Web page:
High time for pot talks?
UTICA -- State Sen. Joseph Griffo, R-Rome, convened a 10-person panel Thursday to get input on whether to legalize recreational marijuana in New York, and if so, how to do it.
Griffo said he wanted input now as the issue is likely coming before the Legislature. In July, the state Health Department, after direction of Gov. Andrew Cuomo asked for an examination on the question, issued a report saying the benefits of legalizing marijuana for non-medical uses could outweigh the drawbacks.
A series of public-input listening sessions has begun, and Griffo convened the group in his office at the state building in downtown Utica among people he knew had perspectives on the question. On one side were those who told him prohibition since the late 1930s hasn’t worked except to send marijuana use underground and perhaps drive otherwise law-abiding people into the hands of gangs and criminal enterprises. Among them were attorneys Richard Pertz and Mark Wolber, musician and retailer Gary Colmey of Rome and Legalize It CNY, and Landon Dais of MedMen, a legal-cannabis grower and retailer.
They also noted that possession for small amounts of marijuana can trigger a life-changing drug record for otherwise law abiding young people, such as blocking college aid and blacklisting them from many employers.
They also said ending the prohibition would bring marijuana use out in the open so it can be regulated and made safer, noting it’s sometimes now laced with contaminants and potentially dangerous chemicals, even insecticides. It can even help people avoid or fight addition to more destructive substances, Colmy suggested.
“Bring it above ground. Regulate it. Know who’s using it,” Dais said.
They also contended outlawing marijuana not only doesn’t work but wastes law enforcement and legal resources.
“The marijuana market exists,” Pertz said. “It is robust and is not impacted by anything we have done.”
On the skeptical side were Oneida County Sheriff Rob Maciol and Rome Police Captain Ed Stevens, representing the Oneida County Law Enforcement Coalition. Both said they have seen too many lives destroyed by substance abuse and believe marijuana is a gateway drug leading to heroin, cocaine and the like. Stevens said his impression is the move to legalization is a money grab by government eager for taxation.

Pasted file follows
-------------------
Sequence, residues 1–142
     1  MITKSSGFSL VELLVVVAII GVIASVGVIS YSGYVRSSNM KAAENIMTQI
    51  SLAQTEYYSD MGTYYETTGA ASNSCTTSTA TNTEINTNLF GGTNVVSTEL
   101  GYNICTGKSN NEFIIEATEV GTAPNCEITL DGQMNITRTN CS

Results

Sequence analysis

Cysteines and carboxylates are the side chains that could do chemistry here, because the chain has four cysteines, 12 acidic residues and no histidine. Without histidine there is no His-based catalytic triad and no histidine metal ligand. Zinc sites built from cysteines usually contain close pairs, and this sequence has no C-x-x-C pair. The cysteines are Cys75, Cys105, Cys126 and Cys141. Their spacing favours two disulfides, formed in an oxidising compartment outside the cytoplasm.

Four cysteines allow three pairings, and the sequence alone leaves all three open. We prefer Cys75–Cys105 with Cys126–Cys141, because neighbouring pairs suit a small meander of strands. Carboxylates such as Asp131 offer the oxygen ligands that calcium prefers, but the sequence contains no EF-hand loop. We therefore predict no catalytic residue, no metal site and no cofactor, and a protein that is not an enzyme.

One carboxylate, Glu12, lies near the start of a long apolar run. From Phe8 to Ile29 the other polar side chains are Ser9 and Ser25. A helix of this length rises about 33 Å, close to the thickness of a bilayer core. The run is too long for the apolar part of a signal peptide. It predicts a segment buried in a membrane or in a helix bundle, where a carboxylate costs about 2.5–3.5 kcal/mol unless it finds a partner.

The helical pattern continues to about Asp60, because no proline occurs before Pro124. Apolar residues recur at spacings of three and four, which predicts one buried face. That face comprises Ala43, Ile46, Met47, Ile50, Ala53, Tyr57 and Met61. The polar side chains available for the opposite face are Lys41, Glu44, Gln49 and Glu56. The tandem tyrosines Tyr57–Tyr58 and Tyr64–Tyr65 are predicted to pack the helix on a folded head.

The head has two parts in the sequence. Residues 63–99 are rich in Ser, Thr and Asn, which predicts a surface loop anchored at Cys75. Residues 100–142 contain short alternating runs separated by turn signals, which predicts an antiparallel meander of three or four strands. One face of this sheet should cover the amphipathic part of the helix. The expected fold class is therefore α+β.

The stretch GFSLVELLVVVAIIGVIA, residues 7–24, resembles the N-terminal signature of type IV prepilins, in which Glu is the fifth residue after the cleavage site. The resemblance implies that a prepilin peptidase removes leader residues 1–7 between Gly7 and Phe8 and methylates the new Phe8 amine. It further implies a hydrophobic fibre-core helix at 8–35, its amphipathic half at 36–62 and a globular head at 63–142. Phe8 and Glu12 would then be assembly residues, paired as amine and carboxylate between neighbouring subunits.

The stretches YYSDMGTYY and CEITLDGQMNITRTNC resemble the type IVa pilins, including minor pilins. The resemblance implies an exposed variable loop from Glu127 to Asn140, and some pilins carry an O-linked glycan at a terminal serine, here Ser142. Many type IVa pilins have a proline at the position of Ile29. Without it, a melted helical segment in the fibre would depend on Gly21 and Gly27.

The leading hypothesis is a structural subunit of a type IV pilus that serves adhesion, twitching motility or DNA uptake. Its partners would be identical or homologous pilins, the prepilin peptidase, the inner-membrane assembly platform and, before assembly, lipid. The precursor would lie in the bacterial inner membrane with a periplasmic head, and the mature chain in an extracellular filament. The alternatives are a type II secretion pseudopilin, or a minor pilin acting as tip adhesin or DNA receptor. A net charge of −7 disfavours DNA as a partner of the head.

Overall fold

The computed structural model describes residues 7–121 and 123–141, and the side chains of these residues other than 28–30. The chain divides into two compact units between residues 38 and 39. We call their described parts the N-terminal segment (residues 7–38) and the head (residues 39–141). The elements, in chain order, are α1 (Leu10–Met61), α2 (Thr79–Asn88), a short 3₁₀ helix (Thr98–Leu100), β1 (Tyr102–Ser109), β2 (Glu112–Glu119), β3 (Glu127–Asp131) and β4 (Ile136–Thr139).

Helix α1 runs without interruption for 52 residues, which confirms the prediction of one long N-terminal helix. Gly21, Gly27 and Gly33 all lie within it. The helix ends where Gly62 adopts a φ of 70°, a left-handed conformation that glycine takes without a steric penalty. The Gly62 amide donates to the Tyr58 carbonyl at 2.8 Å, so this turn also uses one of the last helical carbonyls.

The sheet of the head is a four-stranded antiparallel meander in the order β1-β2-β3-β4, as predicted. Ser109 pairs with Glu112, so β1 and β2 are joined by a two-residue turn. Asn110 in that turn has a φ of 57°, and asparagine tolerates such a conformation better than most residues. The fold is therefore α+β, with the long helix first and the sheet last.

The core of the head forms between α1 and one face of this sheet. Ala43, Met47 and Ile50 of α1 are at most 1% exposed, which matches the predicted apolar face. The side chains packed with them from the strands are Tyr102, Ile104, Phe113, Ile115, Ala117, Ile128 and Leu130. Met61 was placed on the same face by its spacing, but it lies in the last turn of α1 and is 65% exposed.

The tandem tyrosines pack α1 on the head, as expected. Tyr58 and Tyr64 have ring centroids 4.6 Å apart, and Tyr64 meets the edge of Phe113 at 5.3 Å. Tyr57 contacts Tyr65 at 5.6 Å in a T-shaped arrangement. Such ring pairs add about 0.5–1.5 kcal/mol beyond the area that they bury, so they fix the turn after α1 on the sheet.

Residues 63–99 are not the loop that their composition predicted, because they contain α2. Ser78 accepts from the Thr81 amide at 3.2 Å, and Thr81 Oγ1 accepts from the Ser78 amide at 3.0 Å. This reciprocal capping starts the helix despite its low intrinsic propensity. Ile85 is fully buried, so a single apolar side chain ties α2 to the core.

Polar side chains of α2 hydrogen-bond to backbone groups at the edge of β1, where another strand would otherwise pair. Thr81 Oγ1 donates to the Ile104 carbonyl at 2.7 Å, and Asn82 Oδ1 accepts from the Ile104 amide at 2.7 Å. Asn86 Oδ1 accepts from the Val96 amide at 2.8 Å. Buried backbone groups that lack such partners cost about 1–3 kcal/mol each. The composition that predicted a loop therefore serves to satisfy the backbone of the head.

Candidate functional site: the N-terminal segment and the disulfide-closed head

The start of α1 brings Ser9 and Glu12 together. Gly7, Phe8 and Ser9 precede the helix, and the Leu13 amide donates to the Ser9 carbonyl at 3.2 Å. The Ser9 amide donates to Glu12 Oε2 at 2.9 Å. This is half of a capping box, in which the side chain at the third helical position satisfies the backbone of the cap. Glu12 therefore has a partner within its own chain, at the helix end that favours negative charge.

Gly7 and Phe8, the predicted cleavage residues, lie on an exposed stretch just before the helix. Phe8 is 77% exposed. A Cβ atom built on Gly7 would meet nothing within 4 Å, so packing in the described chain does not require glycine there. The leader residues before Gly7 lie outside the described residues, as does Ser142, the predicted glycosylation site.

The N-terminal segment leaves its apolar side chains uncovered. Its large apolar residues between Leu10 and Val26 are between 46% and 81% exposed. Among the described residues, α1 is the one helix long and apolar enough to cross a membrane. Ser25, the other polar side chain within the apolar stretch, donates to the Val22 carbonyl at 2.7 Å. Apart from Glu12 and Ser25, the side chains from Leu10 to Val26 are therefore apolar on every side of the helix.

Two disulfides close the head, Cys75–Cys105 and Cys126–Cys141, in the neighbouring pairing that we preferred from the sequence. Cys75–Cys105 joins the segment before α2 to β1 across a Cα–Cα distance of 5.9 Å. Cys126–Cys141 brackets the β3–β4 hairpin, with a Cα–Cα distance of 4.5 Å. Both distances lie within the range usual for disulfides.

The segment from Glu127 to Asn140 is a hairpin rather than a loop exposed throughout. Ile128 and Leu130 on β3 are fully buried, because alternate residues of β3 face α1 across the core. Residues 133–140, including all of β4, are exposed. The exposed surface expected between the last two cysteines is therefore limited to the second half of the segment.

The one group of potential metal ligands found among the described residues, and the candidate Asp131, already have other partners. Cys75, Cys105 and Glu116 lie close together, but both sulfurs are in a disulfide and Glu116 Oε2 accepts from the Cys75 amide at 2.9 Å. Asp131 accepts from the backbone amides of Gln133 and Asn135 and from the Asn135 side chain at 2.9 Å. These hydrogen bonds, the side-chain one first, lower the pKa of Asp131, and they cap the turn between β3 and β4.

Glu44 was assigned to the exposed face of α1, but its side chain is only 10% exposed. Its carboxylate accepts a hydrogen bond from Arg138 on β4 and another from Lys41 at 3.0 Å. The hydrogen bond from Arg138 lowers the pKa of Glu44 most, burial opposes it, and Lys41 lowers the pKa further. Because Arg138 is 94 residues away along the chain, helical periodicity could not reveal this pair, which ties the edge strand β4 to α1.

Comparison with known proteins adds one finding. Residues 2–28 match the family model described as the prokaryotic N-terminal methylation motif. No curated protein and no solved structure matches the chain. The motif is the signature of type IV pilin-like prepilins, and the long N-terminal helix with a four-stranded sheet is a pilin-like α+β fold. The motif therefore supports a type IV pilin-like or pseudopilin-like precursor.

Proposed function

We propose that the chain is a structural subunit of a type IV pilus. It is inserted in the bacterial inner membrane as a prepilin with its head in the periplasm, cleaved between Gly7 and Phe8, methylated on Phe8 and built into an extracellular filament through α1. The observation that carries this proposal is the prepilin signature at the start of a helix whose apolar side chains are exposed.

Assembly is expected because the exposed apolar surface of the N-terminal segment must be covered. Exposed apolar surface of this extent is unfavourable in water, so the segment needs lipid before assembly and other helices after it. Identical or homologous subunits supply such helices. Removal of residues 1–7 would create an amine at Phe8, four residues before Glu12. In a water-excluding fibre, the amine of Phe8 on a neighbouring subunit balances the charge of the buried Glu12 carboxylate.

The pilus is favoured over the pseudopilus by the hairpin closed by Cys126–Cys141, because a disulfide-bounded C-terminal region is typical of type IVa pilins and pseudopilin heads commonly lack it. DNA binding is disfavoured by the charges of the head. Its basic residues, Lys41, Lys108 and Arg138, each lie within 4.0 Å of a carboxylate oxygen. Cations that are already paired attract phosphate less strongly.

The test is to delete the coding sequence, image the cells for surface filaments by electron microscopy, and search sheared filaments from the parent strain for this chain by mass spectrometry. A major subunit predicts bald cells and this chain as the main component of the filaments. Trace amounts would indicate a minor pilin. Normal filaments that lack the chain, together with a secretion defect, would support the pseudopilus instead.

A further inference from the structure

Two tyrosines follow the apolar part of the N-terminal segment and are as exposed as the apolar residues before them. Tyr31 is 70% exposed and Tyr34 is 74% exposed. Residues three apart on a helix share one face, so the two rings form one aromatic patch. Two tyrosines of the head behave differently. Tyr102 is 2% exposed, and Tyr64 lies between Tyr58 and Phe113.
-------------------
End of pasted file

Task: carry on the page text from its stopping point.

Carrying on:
Maciol said a Colorado sheriff told him that since that state legalized recreational marijuana, impaired-driving cases are “through the roof.” Addressing concerns that marijuana is over-emphasized by law enforcement, Maciol said none of the county jail inmates -- nearly 540 as of Thursday afternoon -- was there because of marijuana offenses.
Maciol said he believes his is a view held by many if not all of the state’s sheriffs. “We will fight this as hard as we can.”
Effects on health were concerns raised by those in the addiction-treatment realm, including Oneida County Public Health Director Phyllis Ellis, Cassandra Sheets of the Center for Family Life and Recovery, and Donna Vitagliano, president of Insight House. Their concerns were less about legality than matters like effects on children, on lung health, reaction with other drugs, on driving deaths, breastfeeding and pregnancy and the growth of marijuana vaping with e-cigarettes.
Oneida County District Attorney Scott McNamara said he’s not against legalization but wants to be sure it’s done right. For one thing, there is no validated, recognized legal way to determine driving impairment by marijuana analogous to the blood-alcohol content that can be used to make cases of driving while intoxicated or impaired. More people would use marijuana and then drive because they would no longer fear legal trouble, he said.
Griffo said he intends to keep an open mind as the issue plays out but his main concern is that if there is a change in the law, it’s done correctly, with ramifications considered. Top questions are clinical effects of marijuana use, details of enforcement of any resulting law, and economic impact. He also said he was skeptical of predictions of a windfall for state government and the economy if marijuana were fully legalized, regulated and taxed.
“This is an opportunity, in my opinion if you’re truly going to consider this issue, to do it right.”
New York adopted laws for medical cannabis in 2014.
In 1977, New York decriminalized private possession of small amounts of marijuana punishable by a fine of no more than $100, but public possession remains a misdemeanor, and the Health Department noted that this disproportionately affects certain groups with ramifications cycling through the economy and communities. The state report quoted state statistics showing that 48 percent of people arrested for simple possession since 2014 were black, 38 percent Hispanic and 9 percent white. Stop-and-frisk policies among some police agencies has a role, the Health Department said.
Dais said that while while middle-class people in many places imbibe in private at home, in neighborhoods like his in Harlem, New York City, many people congregate outside on stoops and the like, while those in public housing don’t risk expulsion for using at home and instead use marijuana outside in public places subject to arrest.
Cuomo announced a series of public-input listening sessions across the state this fall.
Griffo said he hopes to reconvene the panel again in early 2019. Colmey cited the report’s mention of a 2017 Marist Poll that showed that 52 percent of Americans 18 years of age or older have tried marijuana at some point in their lives, and 44 percent of these individuals currently use it.
The state report also said estimates from the National Survey on Drug Use and Health indicate that one in 10 New Yorkers used marijuana in the previous month.
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